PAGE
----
I haven't been posting much lately, especially about the pregnancy. With all of my early complaining, I'm sure nobody is particularly heartbroken about that. I have no photos for this post, so I apologize for the loooooonnng, texty post.
I just hit the 30 week point -- that's out of 40 weeks total. Of course, he could arrive a little earlier, or even a little later. There's no pop-up timer like on a turkey.
I have been generally uncomfortable throughout the last 7.5 months, but thankfully it's just discomfort, and not any kind of serious problems with my baby or me.
So what has it been like to be pregnant?
I found out I was pregnant at five weeks, which is really three weeks, since they start counting at the first day of your last period, not at conception. I thought, "Well, at least no morning sickness!" Then I read that it actually usually starts around week 6. And it did, right on time. Thankfully, I was one of the lucky ones. Mine only lasted about three weeks and never involved any puking.
On the other hand, around the same time I developed serious food aversions, which are quite common. Somehow, though, it's distinctly different from the nausea of morning sickness. It's just a serious disgust of certain foods, for me, mainly, vegetables. Even thinking about broccoli, normally a food I'm fond of, made vomit rise in my throat. Later, vegetables started seeming less awful, but things like chicken and other meat started to be disgusting to me. Conveniently, fried chicken and hamburgers never seemed gross. As it turns out, these are very common food aversions.
Aside from that, I found that my blood sugar seemed quite unstable. Without warning, I'd start to feel kind of ill. I had to have something in my purse at all times for a quick bite.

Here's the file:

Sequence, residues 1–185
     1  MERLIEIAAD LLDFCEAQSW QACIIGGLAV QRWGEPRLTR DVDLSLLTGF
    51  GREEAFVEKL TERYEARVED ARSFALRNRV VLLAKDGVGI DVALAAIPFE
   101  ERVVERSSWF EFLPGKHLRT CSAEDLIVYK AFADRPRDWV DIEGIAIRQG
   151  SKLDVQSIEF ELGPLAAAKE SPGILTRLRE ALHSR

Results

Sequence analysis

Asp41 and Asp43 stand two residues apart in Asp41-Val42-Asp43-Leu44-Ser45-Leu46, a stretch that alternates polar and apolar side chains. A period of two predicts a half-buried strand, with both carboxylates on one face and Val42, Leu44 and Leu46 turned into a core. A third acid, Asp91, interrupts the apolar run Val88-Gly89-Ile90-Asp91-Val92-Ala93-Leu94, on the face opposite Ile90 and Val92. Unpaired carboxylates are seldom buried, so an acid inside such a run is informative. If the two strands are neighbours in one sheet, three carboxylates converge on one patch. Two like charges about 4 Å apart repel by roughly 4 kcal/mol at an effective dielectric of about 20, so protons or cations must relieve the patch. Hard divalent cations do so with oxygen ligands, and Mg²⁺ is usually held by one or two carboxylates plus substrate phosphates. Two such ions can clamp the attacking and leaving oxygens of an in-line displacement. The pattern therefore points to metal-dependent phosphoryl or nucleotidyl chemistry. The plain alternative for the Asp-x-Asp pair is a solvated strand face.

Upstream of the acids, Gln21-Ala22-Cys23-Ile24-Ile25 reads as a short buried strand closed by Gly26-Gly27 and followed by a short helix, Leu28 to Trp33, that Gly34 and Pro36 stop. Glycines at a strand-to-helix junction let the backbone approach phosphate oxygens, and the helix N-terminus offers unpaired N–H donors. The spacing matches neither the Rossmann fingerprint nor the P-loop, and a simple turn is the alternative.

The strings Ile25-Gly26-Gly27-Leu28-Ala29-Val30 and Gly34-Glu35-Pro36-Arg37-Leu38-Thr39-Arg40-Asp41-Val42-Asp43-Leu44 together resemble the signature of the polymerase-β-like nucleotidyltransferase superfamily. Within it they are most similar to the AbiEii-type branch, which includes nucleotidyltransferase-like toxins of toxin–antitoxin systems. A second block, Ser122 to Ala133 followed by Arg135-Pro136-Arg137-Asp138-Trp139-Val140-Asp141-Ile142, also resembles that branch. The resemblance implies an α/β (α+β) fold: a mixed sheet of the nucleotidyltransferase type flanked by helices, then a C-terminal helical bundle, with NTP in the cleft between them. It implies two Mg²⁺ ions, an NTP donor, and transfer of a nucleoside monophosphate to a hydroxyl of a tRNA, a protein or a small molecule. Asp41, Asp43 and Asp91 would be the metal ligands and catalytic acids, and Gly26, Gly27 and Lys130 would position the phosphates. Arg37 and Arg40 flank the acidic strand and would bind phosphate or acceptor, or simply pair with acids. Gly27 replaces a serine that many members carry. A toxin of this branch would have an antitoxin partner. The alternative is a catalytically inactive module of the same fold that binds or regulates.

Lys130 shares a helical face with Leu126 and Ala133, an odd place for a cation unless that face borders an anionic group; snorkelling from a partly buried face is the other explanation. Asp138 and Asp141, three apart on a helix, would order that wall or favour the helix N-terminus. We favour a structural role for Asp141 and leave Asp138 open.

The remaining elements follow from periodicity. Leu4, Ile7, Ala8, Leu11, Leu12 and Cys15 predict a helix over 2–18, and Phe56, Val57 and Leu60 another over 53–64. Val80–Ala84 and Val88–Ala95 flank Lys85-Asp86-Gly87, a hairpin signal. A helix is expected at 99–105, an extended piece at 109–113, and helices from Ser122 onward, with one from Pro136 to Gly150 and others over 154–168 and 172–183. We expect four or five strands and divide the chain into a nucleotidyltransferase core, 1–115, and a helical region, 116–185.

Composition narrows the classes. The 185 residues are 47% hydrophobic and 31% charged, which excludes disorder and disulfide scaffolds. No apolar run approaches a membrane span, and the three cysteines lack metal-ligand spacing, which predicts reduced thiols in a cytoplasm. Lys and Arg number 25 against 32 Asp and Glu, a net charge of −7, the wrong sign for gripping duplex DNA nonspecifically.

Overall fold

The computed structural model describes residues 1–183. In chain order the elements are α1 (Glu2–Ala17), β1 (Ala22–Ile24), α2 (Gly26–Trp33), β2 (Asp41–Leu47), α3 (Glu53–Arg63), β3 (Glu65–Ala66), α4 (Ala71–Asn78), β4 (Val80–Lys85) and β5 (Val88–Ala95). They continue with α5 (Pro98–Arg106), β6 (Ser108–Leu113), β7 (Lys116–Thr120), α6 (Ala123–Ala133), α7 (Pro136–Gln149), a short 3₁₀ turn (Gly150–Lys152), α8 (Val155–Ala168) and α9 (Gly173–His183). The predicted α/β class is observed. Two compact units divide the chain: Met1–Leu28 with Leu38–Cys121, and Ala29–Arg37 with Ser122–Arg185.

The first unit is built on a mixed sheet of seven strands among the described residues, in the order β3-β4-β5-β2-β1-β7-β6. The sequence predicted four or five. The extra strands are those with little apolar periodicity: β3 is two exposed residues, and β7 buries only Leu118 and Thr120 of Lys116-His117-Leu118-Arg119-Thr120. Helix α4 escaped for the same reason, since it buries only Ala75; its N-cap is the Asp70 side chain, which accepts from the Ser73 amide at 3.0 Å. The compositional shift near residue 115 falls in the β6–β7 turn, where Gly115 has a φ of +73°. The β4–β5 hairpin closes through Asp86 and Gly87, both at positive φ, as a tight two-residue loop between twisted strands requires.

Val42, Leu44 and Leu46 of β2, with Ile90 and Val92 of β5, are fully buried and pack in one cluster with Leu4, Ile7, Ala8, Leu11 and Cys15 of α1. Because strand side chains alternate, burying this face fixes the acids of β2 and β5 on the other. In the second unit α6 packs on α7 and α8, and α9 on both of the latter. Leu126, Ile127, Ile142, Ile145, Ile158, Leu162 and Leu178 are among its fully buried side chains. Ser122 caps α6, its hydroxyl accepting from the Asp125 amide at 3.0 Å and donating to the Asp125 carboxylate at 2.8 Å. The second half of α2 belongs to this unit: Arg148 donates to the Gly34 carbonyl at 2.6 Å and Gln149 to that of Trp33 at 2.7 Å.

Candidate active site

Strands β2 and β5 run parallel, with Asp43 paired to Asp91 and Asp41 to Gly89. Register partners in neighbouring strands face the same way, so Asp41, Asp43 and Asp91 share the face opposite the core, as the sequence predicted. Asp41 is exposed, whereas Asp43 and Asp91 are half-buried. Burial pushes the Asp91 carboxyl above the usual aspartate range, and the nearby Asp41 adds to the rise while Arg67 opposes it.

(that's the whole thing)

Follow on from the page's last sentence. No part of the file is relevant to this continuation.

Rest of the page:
I don't recall the exact timeline, but maybe around week 8 I started getting really severe headaches. I've always been plagued by headaches, but I'm accustomed to popping a (mostly over-the-counter) pill when need be. When you're pregnant, you can really only have regular strength Tylenol. My doctor said if it got really bad, I could have Midrin, a prescription that I already have on hand. I found that I could never bring myself to take it. I was just too scared. That first trimester is when everything is developing, and I had to take my first lessons on sacrifice as a mother.
Those headaches were among the most severe I've ever known, and they lasted for days and days. I'd never had headaches that lasted that long. Tylenol was about as effective as Tic-Tacs, so I quit even bothering with it most of the time. I was incredibly sick. But somehow I rode out several months of those, and every day I wondered how I made it through. There were times that I had horrible thoughts about the pregnancy, and then I'd feel just awful for thinking them.
Those were my major ailments. On top of those I had unbelievable exhaustion; breasts that tripled in size practically overnight and hurt incredibly until about week 14 and many other things that can be found in this whiny post: Things that suck about pregnancy.
Ahhh. The second trimester. This is usually considered the best time of pregnancy because many of your first trimester ailments ease up, you're looking a little pregnant, but a lot of the discomforts that come later are still in the distance.
Boy did I feel better. My headaches cleared up and most of my food aversions did, too. But I had a lack of appetite through week 20 or 22. The plus side was that I barely gained any weight up until this point. I really disliked food and ate enough to nourish myself and my baby, but had no desire to eat anything extra.
By week 24, all food aversions were gone. I loved food! I still wasn't particularly hungry -- no more so than I was before I was pregnant, but at least food sounded good. I was no longer fatigued, and I found out that a condition I had, placenta previa, had cleared up. That's when the placenta covers the cervix/birth canal. It can cause bleeding and other problems, so you're basically on some degree of activity restrictions -- like no exercise. If you start to bleed, you could be taken out of work and put on home or hospital bed rest. I found out at 24 weeks that as my uterus grew, the placenta moved on over to a safer location. Yay! From that point on, I just got to be a normal pregnant woman.